Merging Two Strategiesfor Mixed-Sequence Recognition of Double-Stranded DNA: Pseudocomplementary Invader Probes
(a) Structures of monomers used herein. (b) Representationof energylevels of different dsDNA-targeting probes and the corresponding duplexeswith cDNA (only one probe-target duplex is shown). Pseudocomplementarybase-pairs are shown in red. Droplets denote intercalators. Note,the large difference in energy between pc-Invader:cDNA duplexes andpc-Invader probe duplexes. (c) Illustration of Invader-mediated recognitionof dsDNA target regions.
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Related In: Results  -  Collection

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fig1: (a) Structures of monomers used herein. (b) Representationof energylevels of different dsDNA-targeting probes and the corresponding duplexeswith cDNA (only one probe-target duplex is shown). Pseudocomplementarybase-pairs are shown in red. Droplets denote intercalators. Note,the large difference in energy between pc-Invader:cDNA duplexes andpc-Invader probe duplexes. (c) Illustration of Invader-mediated recognitionof dsDNA target regions.
Mentions: Probes capable of recognizingspecific mixed-sequence double-strandedDNA (dsDNA) regions have been long-sought-after as they can be developedinto tools that enable modulation of gene expression at the transcriptionallevel, gene editing, and detection of specific genetic signatures.Early examples of dsDNA-targeting probes include triplex-forming oligonucleotides1 (TFOs) and peptide nucleic acids2,3 (PNAs), as well as minor groove binding polyamides.4,5 Unfortunately, only a subset of the possible target regions is availablefor recognition by these probes due to requirements for exclusivepurine content (TFOs/PNAs) or short target regions (polyamides). Consequentially,significant efforts have been devoted to develop alternative approaches,which has resulted in TFOs and PNAs with reduced target site limitations.6−11 More recently, engineered proteins12,13 such as zincfinger nucleases, transcription activator-like effector nucleases(TALENs) and—in particular—CRISPR/Cas9 systems,14 have gained a tremendous amount of attention,despite mounting concerns regarding recognition specificity and cellulardelivery.15 Another class of compoundsthat has emerged from these efforts are the so-called pseudocomplementaryDNA and PNA (pcDNA/pcPNA),16−18 in which a short DNA or PNA duplexis modified to contain pseudocomplementary base pairs between 2-thiothymineand 2,6-diaminopurine (Figure 1a). The steric clash between the 2-thio and the 2-amino groupperturbs and weakens the hydrogen bonding between these moieties,resulting in a destabilized probe duplex. In contrast, 2-thiothymineand 2,6-diaminopurine form stable base pairs with canonical adenineand thymine, respectively. The difference in thermodynamic stabilitybetween probe duplexes and duplexes between individual probe strandsand complementary DNA (cDNA) allows for double-duplex invasion ofdsDNA target regions under certain conditions (Figure 1b). Thus, pcDNA can recognize terminal targetregions, while pcPNA also recognize internal target regions of DNAduplexes, albeit at low ionic strengths. However, a recent study hassuggested that recognition of mixed-sequence dsDNA regions by pcPNAmay be possible under the highly viscous conditions found in the nucleus.19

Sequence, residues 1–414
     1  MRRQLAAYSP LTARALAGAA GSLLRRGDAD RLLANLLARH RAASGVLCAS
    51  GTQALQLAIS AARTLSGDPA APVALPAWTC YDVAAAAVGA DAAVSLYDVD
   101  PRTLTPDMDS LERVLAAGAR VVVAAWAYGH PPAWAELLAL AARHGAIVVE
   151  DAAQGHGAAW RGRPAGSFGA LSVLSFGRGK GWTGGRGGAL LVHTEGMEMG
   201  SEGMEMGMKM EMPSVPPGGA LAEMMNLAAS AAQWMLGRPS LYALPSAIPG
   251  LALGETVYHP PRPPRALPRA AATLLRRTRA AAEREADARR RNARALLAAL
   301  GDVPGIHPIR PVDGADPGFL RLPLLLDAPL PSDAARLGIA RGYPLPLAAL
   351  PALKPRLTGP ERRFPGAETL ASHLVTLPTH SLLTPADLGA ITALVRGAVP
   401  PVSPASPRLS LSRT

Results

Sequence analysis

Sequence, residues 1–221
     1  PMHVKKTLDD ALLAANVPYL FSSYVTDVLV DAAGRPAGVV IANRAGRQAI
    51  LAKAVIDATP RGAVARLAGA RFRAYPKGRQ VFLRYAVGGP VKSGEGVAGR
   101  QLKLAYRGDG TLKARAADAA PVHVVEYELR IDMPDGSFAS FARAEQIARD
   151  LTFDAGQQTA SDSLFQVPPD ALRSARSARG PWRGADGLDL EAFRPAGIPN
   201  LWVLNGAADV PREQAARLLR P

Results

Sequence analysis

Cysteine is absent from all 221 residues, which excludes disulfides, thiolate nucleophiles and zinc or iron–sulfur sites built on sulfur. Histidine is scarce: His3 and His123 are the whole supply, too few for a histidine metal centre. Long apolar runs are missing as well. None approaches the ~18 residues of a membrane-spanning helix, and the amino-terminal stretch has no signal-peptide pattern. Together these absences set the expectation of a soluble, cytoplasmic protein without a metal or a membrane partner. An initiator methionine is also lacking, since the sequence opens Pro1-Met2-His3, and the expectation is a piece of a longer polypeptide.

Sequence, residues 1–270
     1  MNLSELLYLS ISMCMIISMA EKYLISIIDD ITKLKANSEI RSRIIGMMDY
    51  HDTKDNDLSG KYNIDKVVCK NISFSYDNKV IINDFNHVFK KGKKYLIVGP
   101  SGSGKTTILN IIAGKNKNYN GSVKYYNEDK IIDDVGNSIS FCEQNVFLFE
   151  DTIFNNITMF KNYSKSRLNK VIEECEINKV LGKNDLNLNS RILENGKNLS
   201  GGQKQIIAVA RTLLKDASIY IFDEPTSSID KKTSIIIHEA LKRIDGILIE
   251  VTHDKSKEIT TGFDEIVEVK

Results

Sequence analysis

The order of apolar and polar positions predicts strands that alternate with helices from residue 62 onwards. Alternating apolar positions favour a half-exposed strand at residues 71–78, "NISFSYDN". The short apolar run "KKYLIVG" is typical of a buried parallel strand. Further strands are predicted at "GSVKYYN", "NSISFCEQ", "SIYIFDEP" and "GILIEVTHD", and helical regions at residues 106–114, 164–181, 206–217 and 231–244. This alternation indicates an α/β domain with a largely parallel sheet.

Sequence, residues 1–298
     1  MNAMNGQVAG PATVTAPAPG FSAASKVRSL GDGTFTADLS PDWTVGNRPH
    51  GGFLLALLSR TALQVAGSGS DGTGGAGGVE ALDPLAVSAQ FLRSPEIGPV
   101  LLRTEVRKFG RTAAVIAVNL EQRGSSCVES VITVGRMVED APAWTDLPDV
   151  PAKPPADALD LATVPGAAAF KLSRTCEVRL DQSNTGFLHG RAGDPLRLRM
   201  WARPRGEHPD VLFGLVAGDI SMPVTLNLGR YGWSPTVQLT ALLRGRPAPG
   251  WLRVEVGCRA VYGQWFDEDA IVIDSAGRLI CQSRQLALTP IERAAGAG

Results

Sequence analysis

View Article: PubMed Central - PubMed

ABSTRACT

The development of molecular strategiesthat enable recognitionof specific double-stranded DNA (dsDNA) regions has been a longstandinggoal as evidenced by the emergence of triplex-forming oligonucleotides,peptide nucleic acids (PNAs), minor groove binding polyamides, and—morerecently—engineered proteins such as CRISPR/Cas9. Despite thisprogress, an unmet need remains for simple hybridization-based probesthat recognize specific mixed-sequence dsDNA regions under physiologicalconditions. Herein, we introduce pseudocomplementary Invader probes as a step in this direction. These double-stranded probesare chimeras between pseudocomplementary DNA (pcDNA) and Invader probes,which are activated for mixed-sequence dsDNA-recognition through theintroduction of pseudocomplementary base pairs comprised of 2-thiothymineand 2,6-diaminopurine, and +1 interstrand zipper arrangements of intercalator-functionalizednucleotides, respectively. We demonstrate that certain pseudocomplementaryInvader probe designs result in very efficient and specific recognitionof model dsDNA targets in buffers of high ionic strength. These chimericprobes, therefore, present themselves as a promising strategy formixed-sequence recognition of dsDNA targets for applications in molecularbiology and nucleic acid diagnostics.

No MeSH data available.